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Maritime Electric president promises improvements to P.E.I. service and power system

John Gaudet, president and chief executive officer of Maritime Electric.
John Gaudet, president and chief executive officer of Maritime Electric.

CHARLOTTETOWN, P.E.I. - Maritime Electric is looking to do a better job keeping the lights and heat on across P.E.I. when nasty weather threatens the supply of power. 

John Gaudet, president and chief executive officer of the utility, says major storms and outages are on the rise in the province.

“So when we look at it for our total 79,000 customers we’re seeing the contributions from major storms increasing (outages) by five, seven, 10 hours per year, which we are not satisfied with,’’ he says.

Gaudet notes a lot of Maritime Electric’s customers are on a single line.

“Other utilities are able to back up supplies so that if a pole broke on this road you can isolate that and feed it from another area,’’ he explains.

“So we’re starting to look at that. That takes time and that takes investment and that takes planning.’’

He says the key is increasing the number of distribution lines into communities.

“By improving the number of customers on each line, we believe that we can make significant progress in improving reliability especially during major events,’’ he says.


Turning a profit
Maritime Electric, through a three-year regulated agreement, is allowed a return on equity of 9.35 per cent. This rate results in annual profits typically falling between $11 million and $12 million.


A storm in late November left many in Eastern P.E.I. without power for several days.

Gaudet offered reporters a sort of state-of-the-utility address following an information meeting held Thursday in Charlottetown for shareholders of Fortis, the St. John's, Newfoundland and Labrador-based international diversified electric utility holding company that owns Maritime Electric.

Gaudet noted a major bone of contention with customers is difficulty encountered in accessing and using Maritime Electric’s website.

He says a lot of effort is going into making improvements.

A new website will be launched in September with an improved outage map as well as improved and expanded information in areas of electrical safety, energy efficiency and the environment.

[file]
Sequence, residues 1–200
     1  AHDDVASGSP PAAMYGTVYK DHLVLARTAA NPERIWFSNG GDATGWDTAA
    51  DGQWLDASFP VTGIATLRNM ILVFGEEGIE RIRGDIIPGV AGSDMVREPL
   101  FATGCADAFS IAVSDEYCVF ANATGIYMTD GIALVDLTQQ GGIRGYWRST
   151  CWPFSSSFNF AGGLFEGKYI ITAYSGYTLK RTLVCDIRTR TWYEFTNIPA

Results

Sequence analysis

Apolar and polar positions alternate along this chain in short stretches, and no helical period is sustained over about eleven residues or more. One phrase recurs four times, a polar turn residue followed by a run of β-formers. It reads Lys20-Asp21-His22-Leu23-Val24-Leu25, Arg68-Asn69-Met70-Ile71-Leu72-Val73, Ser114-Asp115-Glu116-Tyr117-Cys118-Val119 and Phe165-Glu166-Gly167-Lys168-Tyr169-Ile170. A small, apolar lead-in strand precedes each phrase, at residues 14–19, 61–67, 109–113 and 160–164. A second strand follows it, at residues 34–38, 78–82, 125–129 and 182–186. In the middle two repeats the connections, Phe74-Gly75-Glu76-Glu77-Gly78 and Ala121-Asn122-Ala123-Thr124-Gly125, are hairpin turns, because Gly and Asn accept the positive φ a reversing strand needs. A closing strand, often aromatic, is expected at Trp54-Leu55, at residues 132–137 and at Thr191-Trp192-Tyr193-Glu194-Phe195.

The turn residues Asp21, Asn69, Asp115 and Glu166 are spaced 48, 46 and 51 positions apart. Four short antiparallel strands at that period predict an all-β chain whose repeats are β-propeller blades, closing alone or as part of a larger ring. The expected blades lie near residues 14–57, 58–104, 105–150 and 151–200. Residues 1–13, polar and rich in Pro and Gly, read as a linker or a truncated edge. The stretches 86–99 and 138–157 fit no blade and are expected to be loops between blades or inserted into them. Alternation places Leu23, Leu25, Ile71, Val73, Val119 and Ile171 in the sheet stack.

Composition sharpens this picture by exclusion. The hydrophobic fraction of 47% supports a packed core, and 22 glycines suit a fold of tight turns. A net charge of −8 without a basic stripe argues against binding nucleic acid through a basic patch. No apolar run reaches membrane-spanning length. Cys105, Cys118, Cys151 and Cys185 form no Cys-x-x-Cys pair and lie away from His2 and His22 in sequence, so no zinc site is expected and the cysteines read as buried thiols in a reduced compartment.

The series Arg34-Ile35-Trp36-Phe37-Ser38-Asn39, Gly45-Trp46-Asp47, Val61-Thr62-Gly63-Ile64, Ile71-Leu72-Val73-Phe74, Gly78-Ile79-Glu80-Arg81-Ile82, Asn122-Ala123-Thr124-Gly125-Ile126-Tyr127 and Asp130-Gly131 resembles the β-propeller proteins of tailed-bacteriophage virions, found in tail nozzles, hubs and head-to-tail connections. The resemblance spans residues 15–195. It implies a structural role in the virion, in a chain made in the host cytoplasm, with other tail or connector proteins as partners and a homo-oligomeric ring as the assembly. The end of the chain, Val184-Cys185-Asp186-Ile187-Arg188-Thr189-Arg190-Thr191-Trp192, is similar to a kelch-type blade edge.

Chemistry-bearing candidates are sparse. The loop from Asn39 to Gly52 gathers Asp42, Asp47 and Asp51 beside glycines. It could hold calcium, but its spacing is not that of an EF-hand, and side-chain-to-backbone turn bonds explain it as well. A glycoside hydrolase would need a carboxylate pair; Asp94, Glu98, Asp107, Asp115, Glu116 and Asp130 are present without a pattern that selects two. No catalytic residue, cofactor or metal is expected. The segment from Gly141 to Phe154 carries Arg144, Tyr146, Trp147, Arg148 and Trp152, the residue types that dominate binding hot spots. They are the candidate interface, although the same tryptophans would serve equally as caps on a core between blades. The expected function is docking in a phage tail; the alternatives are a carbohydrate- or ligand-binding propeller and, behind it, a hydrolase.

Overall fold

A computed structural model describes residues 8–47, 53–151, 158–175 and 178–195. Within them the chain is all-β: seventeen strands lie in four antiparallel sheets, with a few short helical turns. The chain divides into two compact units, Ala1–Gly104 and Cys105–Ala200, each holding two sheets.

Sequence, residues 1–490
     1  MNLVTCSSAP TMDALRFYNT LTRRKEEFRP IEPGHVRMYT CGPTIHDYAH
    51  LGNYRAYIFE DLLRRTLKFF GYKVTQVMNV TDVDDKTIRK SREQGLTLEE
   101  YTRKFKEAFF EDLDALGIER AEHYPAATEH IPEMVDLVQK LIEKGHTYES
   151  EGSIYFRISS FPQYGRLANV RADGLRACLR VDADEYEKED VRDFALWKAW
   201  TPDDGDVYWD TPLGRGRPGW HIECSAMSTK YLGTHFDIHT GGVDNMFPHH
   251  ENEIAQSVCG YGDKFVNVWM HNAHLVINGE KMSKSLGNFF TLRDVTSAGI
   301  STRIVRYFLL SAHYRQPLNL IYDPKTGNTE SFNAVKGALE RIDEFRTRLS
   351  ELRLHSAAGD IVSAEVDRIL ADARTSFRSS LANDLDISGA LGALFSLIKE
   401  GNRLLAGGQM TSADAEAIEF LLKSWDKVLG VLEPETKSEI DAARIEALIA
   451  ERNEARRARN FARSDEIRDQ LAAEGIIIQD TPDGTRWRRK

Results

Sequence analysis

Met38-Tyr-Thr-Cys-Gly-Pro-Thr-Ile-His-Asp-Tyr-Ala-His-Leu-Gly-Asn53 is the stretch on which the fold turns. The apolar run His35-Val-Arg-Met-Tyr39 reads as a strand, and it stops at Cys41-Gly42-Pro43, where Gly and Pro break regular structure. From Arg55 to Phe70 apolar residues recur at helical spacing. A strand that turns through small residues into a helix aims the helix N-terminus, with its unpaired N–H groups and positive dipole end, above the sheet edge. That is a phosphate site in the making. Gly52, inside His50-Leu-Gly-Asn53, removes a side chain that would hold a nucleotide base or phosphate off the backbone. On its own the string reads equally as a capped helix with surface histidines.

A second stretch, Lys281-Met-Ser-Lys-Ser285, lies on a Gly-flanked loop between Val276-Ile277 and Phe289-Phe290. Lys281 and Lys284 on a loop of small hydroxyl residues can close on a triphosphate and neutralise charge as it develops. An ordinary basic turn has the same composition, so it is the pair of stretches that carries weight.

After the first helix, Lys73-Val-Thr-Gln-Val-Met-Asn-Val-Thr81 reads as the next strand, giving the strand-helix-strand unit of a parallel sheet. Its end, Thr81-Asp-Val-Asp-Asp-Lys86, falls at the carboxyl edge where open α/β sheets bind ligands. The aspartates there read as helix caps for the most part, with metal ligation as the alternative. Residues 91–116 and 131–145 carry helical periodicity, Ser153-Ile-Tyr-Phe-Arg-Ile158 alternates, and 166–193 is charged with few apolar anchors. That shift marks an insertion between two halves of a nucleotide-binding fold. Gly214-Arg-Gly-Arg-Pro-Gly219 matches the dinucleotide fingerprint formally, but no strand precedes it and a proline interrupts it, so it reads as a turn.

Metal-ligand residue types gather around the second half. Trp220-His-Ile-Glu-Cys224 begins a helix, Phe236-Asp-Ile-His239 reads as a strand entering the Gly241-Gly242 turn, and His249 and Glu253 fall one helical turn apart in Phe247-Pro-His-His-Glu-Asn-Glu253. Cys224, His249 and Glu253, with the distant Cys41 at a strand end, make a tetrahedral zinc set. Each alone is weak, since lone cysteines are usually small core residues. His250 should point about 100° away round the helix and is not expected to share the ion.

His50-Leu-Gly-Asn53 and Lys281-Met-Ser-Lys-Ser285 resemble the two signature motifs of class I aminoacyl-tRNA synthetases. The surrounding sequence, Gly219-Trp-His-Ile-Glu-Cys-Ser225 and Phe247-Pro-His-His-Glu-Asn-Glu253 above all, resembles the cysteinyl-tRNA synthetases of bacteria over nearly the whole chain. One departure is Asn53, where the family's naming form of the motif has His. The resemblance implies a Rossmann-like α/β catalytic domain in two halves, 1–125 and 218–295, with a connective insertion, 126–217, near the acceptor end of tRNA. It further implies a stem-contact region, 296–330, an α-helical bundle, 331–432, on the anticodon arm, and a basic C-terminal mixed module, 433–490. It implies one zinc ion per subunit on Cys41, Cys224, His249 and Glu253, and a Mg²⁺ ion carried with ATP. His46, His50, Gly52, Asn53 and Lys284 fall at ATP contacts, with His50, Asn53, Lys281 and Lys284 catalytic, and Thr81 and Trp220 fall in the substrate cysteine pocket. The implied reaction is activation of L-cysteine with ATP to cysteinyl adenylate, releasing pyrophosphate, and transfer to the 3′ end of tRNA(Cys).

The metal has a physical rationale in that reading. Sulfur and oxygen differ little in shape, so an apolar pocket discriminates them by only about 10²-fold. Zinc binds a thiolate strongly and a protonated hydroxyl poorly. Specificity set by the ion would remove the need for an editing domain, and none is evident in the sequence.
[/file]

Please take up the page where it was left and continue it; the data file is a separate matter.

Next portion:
“We think we can conduct business 24/7 online whether you want to pay a deposit for a service or get a service line technician out to your house or you want to arrange a new service for a new building,’’ he says.

“More information,’’ he adds, “on our website about outages, the extent of outages and what customers can expect.’’


Maritime Electric by the numbers
79,000 – number of customers
5,925 – number of kilometres of high voltage power lines
122,500 – number of poles
25 – number of substations
498 – millions of dollars in P.E.I. assets
182 – number of employees


Gaudet also updated the major submarine cable project that will see two new cables, rated as 180 MW each, more than double the current combined capacity of the aging cables.

He says “spot burial’’ of the new cables should be complete by the end of next week.

The cables will undergo multiple tests before they are up and running.

He is confident the project will come in on budget at $142 million.

“There are some extra costs that we disagree with and those are the items that we will be discussing going forward,’’ he adds.

“There are some costs that are fair and there are some that are under dispute.’’

Gaudet calls the new cables a game changer because they will immediately address any concerns with the existing cables that are 40 years old.

“The load on the Island has grown well past the capability of those cables requiring on-Island generation to supplement that,’’ he notes.

“If we do it right (with the new cables) customers won’t notice a thing but in the background we’ve significantly increased the reliability of the electricity supply in P.E.I.’’

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